Giorgos Papakonstantinou

From Wikipedia, the free encyclopedia
  (Redirected from George Papaconstantinou)
Jump to navigation Jump to search
Giorgos Papakonstantinou
Giorgos Papakonstantinou portrait crop.jpg
Minister of Environment, Energy and Climate Change
In office
17 June 2011 – 17 May 2012
Prime MinisterGeorge Papandreou
Lucas Papademos
Preceded byTina Birbili
Succeeded byGregory Tsaltas
Minister of Finance
In office
7 October 2009 – 17 June 2011
Prime MinisterGeorge Papandreou
Preceded byYannis Papathanasiou
Succeeded byEvangelos Venizelos
Personal details
Born (1961-10-30) 30 October 1961 (age 57)
Athens, Greece
Political partyPanhellenic Socialist Movement
Spouse(s)Jacoline Vinke
Alma materLondon School of Economics
New York University
WebsiteOfficial website

Giorgos Papakonstantinou (Greek: Γιώργος Παπακωνσταντίνου), born October 30, 1961[1] in Athens, Greece, is a Greek economist and politician and former Minister for the Environment, Energy and Climate Change of Greece and former Minister for Finance. He is currently working in an advisory capacity in the private sector.

Education and career[edit]

He graduated from the London School of Economics (LSE). He later obtained a Master of Arts in Economics from New York University and a PhD in Economics from LSE.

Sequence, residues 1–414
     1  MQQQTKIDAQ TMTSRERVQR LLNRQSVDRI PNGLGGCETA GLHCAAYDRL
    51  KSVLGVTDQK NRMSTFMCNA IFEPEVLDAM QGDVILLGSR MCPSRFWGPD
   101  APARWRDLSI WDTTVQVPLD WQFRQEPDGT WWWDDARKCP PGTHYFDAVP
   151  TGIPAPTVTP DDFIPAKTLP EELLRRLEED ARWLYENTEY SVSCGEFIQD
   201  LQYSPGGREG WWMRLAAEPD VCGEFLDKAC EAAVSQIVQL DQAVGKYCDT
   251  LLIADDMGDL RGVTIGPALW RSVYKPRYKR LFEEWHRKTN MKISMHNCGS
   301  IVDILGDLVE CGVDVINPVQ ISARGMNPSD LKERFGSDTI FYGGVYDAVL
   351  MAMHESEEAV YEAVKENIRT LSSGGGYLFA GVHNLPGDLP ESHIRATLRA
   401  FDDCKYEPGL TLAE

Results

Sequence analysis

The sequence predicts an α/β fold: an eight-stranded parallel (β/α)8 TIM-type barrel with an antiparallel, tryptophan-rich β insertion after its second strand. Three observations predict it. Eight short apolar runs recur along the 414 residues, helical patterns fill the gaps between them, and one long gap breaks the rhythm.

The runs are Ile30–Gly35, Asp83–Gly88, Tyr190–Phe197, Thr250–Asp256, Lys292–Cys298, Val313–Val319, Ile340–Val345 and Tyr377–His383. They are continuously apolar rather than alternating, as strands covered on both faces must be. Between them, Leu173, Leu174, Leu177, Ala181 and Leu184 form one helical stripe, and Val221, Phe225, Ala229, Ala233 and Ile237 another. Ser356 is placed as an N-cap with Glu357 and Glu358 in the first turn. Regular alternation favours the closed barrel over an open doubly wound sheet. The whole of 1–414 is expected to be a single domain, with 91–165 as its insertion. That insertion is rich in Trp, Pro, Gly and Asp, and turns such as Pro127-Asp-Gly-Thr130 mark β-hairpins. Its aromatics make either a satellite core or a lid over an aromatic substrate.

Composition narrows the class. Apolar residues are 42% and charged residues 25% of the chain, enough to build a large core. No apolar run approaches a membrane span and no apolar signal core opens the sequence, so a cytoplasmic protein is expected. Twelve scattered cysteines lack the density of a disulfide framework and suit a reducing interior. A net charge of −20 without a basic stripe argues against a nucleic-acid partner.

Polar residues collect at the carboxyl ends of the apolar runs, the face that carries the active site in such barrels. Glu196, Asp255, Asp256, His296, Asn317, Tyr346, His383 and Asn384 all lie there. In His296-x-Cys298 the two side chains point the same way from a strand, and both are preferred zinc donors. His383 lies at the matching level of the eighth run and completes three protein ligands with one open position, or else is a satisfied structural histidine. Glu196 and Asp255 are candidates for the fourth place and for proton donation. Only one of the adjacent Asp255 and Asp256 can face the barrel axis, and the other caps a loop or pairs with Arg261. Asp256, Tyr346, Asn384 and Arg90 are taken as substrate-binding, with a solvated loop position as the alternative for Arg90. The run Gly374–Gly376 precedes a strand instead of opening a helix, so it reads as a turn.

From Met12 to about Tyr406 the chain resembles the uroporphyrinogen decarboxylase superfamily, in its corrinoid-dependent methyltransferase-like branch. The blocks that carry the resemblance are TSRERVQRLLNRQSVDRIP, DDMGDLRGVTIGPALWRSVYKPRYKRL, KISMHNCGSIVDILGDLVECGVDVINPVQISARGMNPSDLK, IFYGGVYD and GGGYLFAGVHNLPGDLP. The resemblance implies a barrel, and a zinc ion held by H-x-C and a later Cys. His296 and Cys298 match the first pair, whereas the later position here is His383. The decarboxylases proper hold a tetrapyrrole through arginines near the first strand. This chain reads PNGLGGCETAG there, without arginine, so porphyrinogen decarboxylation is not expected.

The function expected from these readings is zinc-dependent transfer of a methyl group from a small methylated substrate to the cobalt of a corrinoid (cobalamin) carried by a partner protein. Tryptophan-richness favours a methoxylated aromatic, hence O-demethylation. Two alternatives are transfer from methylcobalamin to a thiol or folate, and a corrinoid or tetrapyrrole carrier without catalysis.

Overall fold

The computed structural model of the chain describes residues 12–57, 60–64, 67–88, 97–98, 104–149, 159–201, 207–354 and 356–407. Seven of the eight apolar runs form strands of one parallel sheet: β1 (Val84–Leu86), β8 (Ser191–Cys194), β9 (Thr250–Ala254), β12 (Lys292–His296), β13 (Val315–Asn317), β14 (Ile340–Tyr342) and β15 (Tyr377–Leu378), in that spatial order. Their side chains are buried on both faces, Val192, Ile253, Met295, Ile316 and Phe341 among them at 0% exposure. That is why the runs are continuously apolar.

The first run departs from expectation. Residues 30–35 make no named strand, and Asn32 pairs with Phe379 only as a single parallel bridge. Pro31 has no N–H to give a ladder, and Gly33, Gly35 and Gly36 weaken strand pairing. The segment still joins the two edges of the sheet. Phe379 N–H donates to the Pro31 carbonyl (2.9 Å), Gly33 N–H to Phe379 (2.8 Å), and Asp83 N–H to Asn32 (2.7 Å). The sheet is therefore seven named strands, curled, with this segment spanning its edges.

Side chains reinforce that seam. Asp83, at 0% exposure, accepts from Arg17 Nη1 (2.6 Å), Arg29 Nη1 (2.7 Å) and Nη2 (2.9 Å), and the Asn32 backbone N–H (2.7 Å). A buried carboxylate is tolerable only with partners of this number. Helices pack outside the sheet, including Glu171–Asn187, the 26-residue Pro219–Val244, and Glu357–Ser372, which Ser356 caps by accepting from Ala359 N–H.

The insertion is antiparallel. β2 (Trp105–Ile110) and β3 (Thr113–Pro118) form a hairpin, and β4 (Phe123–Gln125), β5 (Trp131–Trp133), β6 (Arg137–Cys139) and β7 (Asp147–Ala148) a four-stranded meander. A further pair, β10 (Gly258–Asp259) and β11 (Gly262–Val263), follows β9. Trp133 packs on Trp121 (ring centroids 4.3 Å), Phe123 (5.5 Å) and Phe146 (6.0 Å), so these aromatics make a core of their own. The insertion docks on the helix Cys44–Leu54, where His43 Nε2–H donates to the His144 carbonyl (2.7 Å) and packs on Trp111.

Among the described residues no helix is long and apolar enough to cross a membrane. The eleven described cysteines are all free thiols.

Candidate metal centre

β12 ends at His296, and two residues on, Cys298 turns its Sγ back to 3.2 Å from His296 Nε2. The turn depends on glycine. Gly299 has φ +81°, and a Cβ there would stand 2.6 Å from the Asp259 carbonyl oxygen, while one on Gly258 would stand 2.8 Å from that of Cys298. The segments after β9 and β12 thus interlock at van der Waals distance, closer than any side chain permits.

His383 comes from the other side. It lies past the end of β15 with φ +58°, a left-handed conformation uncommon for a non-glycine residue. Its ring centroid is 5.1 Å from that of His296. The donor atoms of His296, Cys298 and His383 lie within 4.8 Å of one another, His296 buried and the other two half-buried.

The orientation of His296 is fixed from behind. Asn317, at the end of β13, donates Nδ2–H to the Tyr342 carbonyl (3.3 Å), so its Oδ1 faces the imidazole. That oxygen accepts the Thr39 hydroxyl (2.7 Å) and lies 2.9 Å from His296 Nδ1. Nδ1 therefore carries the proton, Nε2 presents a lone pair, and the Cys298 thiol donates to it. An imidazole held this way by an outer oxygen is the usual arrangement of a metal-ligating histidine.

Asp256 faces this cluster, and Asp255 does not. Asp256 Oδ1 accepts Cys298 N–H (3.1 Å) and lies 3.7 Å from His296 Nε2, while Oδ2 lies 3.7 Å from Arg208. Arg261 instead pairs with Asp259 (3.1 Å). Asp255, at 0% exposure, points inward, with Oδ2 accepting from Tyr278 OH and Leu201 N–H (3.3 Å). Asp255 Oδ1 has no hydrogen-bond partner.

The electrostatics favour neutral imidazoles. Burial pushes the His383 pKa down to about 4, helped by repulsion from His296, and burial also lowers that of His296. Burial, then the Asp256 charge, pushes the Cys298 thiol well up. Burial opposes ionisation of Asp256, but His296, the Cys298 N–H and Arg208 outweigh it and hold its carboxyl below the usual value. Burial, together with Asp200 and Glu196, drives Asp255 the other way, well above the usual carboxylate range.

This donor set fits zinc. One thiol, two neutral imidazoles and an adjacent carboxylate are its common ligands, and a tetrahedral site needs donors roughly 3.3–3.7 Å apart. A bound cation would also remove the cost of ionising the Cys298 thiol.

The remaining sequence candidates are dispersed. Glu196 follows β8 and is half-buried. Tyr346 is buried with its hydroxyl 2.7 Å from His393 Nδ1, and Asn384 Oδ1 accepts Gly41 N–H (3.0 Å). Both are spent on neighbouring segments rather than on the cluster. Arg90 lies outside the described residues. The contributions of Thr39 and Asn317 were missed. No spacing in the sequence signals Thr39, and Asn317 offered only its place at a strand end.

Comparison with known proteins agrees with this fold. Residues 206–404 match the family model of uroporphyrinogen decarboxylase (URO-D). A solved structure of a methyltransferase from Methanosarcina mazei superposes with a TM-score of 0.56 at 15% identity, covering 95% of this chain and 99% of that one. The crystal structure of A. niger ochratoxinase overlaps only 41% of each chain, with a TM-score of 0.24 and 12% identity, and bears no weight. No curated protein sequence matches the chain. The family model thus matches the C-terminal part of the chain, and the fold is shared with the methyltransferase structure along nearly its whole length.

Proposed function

After his studies, he worked as a senior economist at the Organisation for Economic Co-operation and Development in Paris from 1988 to 1998.

In 1998, Papakonstantinou returned to Greece and was appointed an adviser to then-Prime Minister Costas Simitis on "information society" issues.

Two years later, he was appointed Special Secretary for the "Information Society" at the Ministry of Economy and Finance (2000–2002). Between 2002 and 2004 he served as a member of the Council of Economic Advisors of the Ministry of Economy and Finance, as a board member of OTE (Hellenic Telecommunication Organization), and as the Greek representative to the European Union's Economic Policy Committee (EPC). In 2003 he coordinated the "Lisbon Strategy" for economic and social reforms during the Greek Presidency of the EU.

Between 2004 and 2007, Papakonstantinou served as economic advisor to George Papandreou, the president of the Panhellenic Socialist Movement (PASOK). He was also a board member of the Institute for Strategic and Development Studies, PASOK's think tank, from 2005 to 2008.

Between 2003 and 2007, Papakonstantinou also taught economics at Department of Management Science and Technology of the Athens University of Economics and Business and advised the European Commission on research and information society issues, participating in various international research projects.

Political career[edit]